Put a little air in tube and fit inside tire.  Then put tire on rim, first putting valve through hole in rim, then fit tire into rim with your hands.

Check that sidewall is inside the rim: Put on floor and with pressure, walk (roll) tire around floor to check. Make sure the tire’s beads are stuck inside the rim, to avoid a blow-out. (The bead is a strip of metal on the inside of the tire).

Using a bike pump

Using a bike pump

Fill tire

(photo by Edd Blackler)

Bike tires have the same Schraeder Valve as a car tire. Pump up the tire to desired pressure.

Proper tire pressure:

This depends on terrain of where you plan to ride, by improving traction over rough ground, or speed on the highway:

  • loose, rough ground: lower pressure, 30 – 40 psi
  • hard ground and asphalt: higher pressure, as high as it will go, 50 – 60 psi
  • mid range of 45 – 50 psi is recommended for combination ground.


Floor pumps cost about $60 – $100. Each pump adds about 1 pound pressure (30 – 40 pumps to get 40 psi).

Bike tool kits (see below) come with tiny CO2 pump, about the size of a coin.  You put this to a CO2 canister to fill tire. Great for emergencies.

Changing a Rear Tire

  • You don’t need to remove the chain except with single-gear bikes.
  • Release quick-release: press fist against top of tire and wheel pops right out.
  • If have rim brakes, you need to open them up before remove the wheel.
  • When put wheel back on, chain goes on bottom side of gear (bottom of chain), and on top of top gear.
  • Should start to feel pressure on quick-release when at about 45º.

Tool Kit

A good kit should include:

  • quick stick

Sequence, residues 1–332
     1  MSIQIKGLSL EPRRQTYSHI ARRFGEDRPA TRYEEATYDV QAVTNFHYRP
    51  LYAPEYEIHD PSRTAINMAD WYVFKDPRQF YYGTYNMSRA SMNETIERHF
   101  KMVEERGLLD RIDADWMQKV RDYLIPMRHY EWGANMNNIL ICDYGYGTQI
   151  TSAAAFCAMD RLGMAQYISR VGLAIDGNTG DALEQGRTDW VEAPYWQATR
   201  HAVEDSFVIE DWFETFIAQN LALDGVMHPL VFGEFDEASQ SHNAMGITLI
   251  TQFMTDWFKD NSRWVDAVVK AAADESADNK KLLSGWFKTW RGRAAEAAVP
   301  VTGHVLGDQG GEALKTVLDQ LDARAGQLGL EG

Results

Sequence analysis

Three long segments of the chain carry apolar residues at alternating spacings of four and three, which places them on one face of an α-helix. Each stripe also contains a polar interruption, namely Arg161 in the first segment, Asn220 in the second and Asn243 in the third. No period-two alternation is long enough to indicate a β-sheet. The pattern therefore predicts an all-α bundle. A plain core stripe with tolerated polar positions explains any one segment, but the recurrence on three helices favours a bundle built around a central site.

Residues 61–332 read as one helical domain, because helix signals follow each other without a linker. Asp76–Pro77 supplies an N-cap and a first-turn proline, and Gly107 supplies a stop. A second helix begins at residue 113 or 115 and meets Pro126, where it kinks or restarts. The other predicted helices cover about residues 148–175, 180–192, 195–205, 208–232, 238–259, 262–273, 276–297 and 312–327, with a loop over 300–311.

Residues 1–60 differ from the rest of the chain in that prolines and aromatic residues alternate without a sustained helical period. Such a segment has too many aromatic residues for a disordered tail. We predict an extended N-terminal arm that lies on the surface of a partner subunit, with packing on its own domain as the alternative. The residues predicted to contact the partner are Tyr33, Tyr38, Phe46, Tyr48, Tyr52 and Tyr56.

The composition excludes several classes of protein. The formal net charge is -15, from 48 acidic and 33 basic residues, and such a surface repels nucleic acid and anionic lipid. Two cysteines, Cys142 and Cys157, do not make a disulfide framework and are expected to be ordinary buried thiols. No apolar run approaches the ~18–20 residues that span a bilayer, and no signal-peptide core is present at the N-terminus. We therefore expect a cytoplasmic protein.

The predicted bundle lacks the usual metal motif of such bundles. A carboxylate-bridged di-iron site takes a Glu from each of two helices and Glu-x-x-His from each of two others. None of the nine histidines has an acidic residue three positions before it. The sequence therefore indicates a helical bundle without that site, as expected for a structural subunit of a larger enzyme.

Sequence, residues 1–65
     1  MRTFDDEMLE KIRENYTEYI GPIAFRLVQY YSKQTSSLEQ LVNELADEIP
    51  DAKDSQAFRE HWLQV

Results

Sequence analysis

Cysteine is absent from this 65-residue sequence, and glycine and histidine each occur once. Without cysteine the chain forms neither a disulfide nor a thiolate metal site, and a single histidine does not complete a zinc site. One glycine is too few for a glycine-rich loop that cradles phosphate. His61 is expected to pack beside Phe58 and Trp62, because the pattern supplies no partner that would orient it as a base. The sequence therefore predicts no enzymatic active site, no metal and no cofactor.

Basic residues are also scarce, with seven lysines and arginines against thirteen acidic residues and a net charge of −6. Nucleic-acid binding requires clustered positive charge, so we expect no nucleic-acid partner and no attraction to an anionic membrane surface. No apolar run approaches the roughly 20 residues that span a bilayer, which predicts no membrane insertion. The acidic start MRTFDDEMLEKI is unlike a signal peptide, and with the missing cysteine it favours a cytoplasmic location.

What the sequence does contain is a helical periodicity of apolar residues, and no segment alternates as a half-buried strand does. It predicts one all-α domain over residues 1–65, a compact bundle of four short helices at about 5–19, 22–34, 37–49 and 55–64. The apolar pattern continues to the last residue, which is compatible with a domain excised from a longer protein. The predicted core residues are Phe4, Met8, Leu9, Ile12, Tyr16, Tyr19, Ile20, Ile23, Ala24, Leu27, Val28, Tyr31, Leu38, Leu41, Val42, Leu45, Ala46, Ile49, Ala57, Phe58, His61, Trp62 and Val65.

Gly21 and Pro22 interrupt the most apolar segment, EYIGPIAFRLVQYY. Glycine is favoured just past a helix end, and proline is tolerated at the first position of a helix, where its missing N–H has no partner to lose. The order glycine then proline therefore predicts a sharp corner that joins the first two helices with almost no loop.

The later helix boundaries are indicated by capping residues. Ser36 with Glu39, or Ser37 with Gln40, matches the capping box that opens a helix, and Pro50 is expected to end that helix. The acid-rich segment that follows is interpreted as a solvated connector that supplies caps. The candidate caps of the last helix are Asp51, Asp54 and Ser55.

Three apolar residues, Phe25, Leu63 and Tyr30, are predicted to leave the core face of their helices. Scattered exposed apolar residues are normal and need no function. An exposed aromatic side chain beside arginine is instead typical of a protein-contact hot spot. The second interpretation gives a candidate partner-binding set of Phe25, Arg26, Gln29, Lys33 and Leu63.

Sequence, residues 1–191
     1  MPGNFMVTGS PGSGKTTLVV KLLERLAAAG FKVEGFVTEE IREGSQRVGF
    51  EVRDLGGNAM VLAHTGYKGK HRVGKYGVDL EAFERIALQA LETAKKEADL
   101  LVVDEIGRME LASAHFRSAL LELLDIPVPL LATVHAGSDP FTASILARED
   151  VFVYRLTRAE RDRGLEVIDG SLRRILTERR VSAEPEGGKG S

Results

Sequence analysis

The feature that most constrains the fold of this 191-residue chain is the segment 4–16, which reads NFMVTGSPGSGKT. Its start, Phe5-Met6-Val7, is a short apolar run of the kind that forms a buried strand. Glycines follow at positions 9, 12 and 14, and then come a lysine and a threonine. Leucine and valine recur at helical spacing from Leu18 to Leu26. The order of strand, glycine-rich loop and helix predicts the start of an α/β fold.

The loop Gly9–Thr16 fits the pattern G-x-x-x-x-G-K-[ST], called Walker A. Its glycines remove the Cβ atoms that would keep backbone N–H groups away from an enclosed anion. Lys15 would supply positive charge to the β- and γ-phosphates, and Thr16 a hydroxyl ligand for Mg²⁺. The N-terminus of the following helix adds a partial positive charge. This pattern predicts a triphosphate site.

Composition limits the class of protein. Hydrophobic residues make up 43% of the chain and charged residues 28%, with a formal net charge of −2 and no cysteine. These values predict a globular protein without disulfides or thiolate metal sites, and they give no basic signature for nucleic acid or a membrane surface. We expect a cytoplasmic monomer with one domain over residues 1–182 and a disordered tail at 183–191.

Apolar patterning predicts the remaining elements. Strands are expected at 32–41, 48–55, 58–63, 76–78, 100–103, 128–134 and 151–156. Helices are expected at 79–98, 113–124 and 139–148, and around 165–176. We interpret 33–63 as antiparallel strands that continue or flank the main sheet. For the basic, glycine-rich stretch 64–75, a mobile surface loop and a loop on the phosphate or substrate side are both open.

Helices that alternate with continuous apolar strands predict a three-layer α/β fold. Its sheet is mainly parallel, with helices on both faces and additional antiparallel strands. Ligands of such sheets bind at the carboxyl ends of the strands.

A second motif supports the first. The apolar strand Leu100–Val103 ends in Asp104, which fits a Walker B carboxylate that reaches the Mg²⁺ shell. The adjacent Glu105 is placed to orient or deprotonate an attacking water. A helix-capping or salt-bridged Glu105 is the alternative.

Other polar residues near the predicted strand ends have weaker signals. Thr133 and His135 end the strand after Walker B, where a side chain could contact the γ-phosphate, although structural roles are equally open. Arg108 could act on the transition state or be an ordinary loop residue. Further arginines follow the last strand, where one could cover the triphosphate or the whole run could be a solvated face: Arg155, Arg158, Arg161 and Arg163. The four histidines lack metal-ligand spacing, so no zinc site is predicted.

• spare tube
  • pump and/or CO2 kit
  • patch kit
  • wrenches
  • chain breaker
  • lubricants (optional)

Positioning a Bike Seat

Your leg at the bottom of pedal stroke should be almost fully extended (knee almost locked).

Pedal Clips and Toe Grips

Toe grips do help save energy when pedaling (about 20%), but can be difficult to remove foot quickly.

Clipless pedals: shoes clip into them; easier to remove your foot. It takes some practice to get hang of removing foot (slight twist).  Practice on lawn first.

Bicycle-towed camper


Carrying Cargo

(photo from

Prior to our gathering, Catherine discussed cargo bikes with Bruce at Bikology. Bruce says that cargo bikes are not as efficient as trailers, mainly because they are heavier bikes. Trailers can haul over 100 pounds of gear.

Trailers come in single-wheel and two-wheel varieties. Bruce recommends two-wheel for most uses, as they are more steady. But if doing highway ride, Edd B. points out that single wheel trailers takes up less space.

Peter and Cameron suggest:

  • Surly makes good cargo bikes, made of steel or aluminum;
  • Burley makes trailers.

Bicycle-towed camper

Bicycle-towed camper

Bike Paths

(photo from

The rotary Club plans to extend the Nature Trail bike path in a loop to highways 83 and 35.

Edd suggests that whenever a new road project is identified, we should demand that right-of-way be obtained for bike paths.  Flathead County already has a policy of requiring that new developments grant bike path easements.